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Kunduz locals fear exit of German military

As the Bundeswehr exits Kunduz, it leaves troubled memories behind. It also places locals at the mercy of a vindictive Taliban. Some will carry on. Others are shutting down shop - or trying to flee to Germany.

For a decade now, German soldiers have been a familiar sight for inhabitants of Kunduz, a city in northern Afghanistan. But that is set to change. Troops officially handed over command of the German military base in Kunduz to local security forces today (06.10.2013).

Many Afghans are worried about the troops' withdrawal from Kunduz, which was a Taliban stronghold until the US intervened in 2001. Abdullah Rasoli, leader of a local NGO, sums up fears in the area.

A military vehicle painted in camouflage stands idly within the maze-like walls of the paved entry to a desert military base. Photo: Maurizio Gambarini

Twenty German soldiers based in Kunduz died in Afghanistan

"We know that we won't be able to make any progress without the military support of the Bundeswehr," he told DW.

The Taliban are said to have already gained the upper hand in several districts outside the city of Kunduz, Rasoli says, and armed criminal groups are operating there as well.

"That scares the inhabitants of Kunduz. When German troops arrived in Kunduz, the main thing I remember is, life became safe in Kunduz [province], as well as in many other northeastern provinces."

Even if the feeling didn't last long, Rasoli says, people felt they were safe. And they hoped for a better future.

"Germans have always had a special relationship to Kunduz in particular."

Economic void

Numerous development projects have reflected that special relationship. Over the past decade, streets have been built, schools renovated. Teachers and craftsmen have been trained.

Even the presence of the German soldiers themselves has had a positive economic impact. Mahboba Heider is the owner of a small textile company that employs 20 women. For years, they have been busy filling Bundeswehr orders. Soldiers liked to buy local clothing as a souvenir to take home with them.

"But for a year now the security situation has been deteriorating, and the Bundeswehr staff have been coming out of their base less often," Heider told DW.

She isn't even sure if she will be able to continue her work when the soldiers are gone. Her employees are also worried about their jobs - and about the situation in Kunduz in general.

Civilian projects

The muddy brown waters of a river fringed by green foliage is artificially dammed and still.

Development projects in Kunduz have included a new well and a new dam in the province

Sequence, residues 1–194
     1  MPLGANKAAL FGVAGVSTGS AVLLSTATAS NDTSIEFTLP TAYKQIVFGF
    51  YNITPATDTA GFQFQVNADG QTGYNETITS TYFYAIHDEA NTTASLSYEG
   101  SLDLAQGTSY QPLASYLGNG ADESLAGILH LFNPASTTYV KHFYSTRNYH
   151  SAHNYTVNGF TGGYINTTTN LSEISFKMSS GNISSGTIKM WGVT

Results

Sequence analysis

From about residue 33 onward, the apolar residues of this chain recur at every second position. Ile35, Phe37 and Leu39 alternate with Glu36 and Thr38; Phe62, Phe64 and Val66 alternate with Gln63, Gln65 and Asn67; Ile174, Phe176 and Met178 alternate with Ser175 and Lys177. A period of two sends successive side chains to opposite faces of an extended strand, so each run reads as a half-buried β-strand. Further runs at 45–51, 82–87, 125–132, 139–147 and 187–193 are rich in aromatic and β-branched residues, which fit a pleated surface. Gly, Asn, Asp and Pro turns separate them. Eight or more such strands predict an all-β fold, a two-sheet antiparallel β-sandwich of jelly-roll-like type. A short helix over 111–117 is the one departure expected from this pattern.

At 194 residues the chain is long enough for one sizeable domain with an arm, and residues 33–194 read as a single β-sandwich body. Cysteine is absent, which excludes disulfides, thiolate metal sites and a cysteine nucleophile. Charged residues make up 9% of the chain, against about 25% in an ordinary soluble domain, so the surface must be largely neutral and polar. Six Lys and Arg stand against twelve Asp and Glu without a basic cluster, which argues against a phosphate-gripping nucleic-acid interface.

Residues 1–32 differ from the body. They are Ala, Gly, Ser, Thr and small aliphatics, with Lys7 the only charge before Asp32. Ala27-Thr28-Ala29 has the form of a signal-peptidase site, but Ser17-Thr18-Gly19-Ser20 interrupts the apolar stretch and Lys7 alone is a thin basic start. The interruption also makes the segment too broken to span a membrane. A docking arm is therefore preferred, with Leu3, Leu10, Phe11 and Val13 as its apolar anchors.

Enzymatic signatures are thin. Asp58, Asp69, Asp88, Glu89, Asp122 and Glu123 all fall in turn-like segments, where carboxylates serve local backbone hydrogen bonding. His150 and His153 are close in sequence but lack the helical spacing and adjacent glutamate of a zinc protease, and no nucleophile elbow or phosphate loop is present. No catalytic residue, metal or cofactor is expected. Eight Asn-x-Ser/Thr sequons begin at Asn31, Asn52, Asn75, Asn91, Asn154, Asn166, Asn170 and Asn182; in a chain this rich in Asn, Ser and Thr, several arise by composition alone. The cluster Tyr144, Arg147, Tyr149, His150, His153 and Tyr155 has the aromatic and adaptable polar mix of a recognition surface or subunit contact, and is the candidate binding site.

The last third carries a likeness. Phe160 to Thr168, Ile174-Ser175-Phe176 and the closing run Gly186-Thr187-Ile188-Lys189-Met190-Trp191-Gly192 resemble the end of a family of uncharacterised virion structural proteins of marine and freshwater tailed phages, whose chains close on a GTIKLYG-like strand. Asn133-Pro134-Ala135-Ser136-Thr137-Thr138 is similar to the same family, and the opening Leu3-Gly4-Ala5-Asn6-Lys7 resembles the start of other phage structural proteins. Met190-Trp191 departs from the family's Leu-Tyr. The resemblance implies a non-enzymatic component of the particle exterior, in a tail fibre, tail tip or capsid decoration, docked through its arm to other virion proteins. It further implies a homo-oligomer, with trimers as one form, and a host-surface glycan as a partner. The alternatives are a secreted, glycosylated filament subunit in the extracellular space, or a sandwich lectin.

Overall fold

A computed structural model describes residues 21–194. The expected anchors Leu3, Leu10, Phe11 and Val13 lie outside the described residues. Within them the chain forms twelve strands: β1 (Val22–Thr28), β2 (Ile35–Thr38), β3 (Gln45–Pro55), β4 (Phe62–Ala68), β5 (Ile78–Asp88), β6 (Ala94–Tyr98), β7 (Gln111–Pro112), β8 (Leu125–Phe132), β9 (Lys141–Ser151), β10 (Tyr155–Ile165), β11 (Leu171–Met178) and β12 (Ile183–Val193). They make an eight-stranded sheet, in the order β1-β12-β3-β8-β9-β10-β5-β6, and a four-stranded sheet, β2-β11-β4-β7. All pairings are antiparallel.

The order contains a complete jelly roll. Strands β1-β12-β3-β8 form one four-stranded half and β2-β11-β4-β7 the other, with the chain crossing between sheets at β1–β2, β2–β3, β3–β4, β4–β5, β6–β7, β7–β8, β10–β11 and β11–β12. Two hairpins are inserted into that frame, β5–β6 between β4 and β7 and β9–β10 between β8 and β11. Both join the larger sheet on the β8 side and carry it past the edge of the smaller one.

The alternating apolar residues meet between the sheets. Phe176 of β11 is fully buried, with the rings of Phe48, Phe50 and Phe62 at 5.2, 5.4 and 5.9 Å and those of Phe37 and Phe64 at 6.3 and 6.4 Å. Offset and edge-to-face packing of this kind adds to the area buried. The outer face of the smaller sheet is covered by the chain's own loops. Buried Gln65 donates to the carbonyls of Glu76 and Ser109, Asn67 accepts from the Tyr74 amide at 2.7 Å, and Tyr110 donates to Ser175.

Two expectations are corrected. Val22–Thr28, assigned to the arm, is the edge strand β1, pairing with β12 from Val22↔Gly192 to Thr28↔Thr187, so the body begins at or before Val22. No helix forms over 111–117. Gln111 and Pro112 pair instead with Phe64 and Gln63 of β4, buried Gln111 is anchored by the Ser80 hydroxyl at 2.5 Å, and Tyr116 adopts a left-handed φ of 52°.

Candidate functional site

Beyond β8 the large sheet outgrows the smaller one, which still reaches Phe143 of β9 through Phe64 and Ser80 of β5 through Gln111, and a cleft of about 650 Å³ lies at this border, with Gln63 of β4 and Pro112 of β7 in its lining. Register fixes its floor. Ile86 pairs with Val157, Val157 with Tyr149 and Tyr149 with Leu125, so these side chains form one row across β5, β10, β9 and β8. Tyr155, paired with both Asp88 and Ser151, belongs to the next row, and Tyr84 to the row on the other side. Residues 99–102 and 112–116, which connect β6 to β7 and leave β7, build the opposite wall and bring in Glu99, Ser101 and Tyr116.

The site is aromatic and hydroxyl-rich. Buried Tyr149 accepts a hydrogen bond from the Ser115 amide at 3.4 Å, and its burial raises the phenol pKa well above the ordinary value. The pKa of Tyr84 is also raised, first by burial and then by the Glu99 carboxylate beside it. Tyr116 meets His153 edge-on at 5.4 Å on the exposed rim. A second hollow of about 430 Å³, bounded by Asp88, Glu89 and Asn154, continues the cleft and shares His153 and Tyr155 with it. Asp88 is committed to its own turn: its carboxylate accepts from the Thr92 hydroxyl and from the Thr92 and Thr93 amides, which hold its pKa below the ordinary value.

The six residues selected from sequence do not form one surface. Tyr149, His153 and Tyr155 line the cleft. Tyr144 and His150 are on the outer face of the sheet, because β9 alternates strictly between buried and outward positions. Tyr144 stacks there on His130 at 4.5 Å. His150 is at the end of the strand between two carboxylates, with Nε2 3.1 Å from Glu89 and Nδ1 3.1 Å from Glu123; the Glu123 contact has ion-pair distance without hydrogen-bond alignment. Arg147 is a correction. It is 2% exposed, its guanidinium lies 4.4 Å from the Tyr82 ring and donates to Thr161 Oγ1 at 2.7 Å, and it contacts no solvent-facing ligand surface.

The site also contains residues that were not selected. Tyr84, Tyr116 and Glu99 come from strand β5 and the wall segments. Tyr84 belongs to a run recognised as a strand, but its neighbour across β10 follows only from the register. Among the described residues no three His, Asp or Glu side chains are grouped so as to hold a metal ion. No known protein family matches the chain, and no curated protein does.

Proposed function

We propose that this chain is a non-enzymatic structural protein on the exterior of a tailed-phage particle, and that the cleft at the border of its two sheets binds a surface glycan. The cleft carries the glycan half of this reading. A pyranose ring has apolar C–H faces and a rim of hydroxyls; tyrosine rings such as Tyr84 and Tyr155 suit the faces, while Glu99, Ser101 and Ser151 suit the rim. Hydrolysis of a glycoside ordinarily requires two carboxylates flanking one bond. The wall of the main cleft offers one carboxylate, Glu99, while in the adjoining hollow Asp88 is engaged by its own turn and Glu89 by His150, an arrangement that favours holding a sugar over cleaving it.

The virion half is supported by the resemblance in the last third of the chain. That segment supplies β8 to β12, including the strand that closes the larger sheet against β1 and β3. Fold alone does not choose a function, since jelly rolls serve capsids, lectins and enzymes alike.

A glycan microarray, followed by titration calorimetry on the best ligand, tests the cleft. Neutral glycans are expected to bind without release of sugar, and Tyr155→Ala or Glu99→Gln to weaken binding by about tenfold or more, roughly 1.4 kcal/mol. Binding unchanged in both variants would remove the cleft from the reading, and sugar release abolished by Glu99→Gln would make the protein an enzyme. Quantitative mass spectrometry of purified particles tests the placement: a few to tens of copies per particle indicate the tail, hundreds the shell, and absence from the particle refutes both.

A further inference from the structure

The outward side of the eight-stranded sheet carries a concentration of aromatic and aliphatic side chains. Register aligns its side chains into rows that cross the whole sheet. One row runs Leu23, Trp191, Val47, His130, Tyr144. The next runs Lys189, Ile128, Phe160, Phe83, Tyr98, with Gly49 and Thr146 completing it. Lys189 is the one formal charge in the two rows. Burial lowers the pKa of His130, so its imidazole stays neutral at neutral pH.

When it comes to development projects, there certainly won't be a shortage of work to do in Kunduz after the Bundeswehr withdraws. Germany's state-funded development organization, the Gesellschaft für Internationale Zusammenarbeit (GIZ), plans to continue its activities in northern Afghanistan.

"The most important part of the concept is for the population to accept the projects, so that they can be carried out successfully," says Peter Palesh, a representative of the GIZ in Afghanistan.

The GIZ has developed a wide-ranging security concept on behalf of the German government, Palesh told DW. Thus the Bundeswehr's exit from Kunduz creates new challenges for the organization, which plans to stay on until at least 2016.

But the GIZ has already developed a strategy for continuing their work without Bundeswehr protection. Last year, troops withdrew from bases in Taloqan near Kunduz as well as from Faizabad in the north-easternmost part of Afghanistan.

Germany's Afghan staff

A man of Middle Eastern descent wearing a black suit, white dress shirt and light blue tie is one ofa number of similarly-dressed protestors speaking off-camera during an outdoor desert demonstration.

Protestors in Kunduz included Bundeswehr translators who worry they will be harmed after German forces withdraw

Still, the Bundeswehr's Afghan employees have cause for distress. They will lose their jobs as troops withdraw, and many fear for their lives and the lives of their families after the German exit. The Taliban see the work of their fellow Afghans with the International Security Assistance Force as a betrayal.

"It isn't just the Taliban making your life hard, it's also armed groups," said a translator who asked DW to not publish his name. "If these groups see that I've worked with foreigners, they simply won't let me live there anymore."

Several demonstrations this summer at German military camps have led to German promising its help. Those who believe their life to be in danger can apply for a German residence permit, said Marco Schmidl, the Bundeswehr's spokesman in Mazar-i-Sharif in northern Afghanistan.

Whether such a permit is granted will be decided on an individual basis, Schmidl told DW. The regulation doesn't just apply to those who worked directly for the Bundeswehr, but to all Afghan citizens who have worked or currently work in other German ministries, such as the Ministry of the Interior, the Ministry of Defense and the Federal Ministry for Economic Cooperation and Development, he said.

Optimism in Kunduz

But some also hope the situation could improve for Kunduz after German troops withdraw.

Heidar Heider, who heads the Afghan cultural and literary foundation Paserlei in Kunduz, is one of them.

"It is certainly possible that after the Bundeswehr withdraws, there will be no reason for the presence of hostile groups, and that they'll stop fighting," he says.

According to Heider, ordinary people already believe that "foreign troops didn't do particularly good work in the past," with many hoping things will calm down as a result of the German withdrawal.

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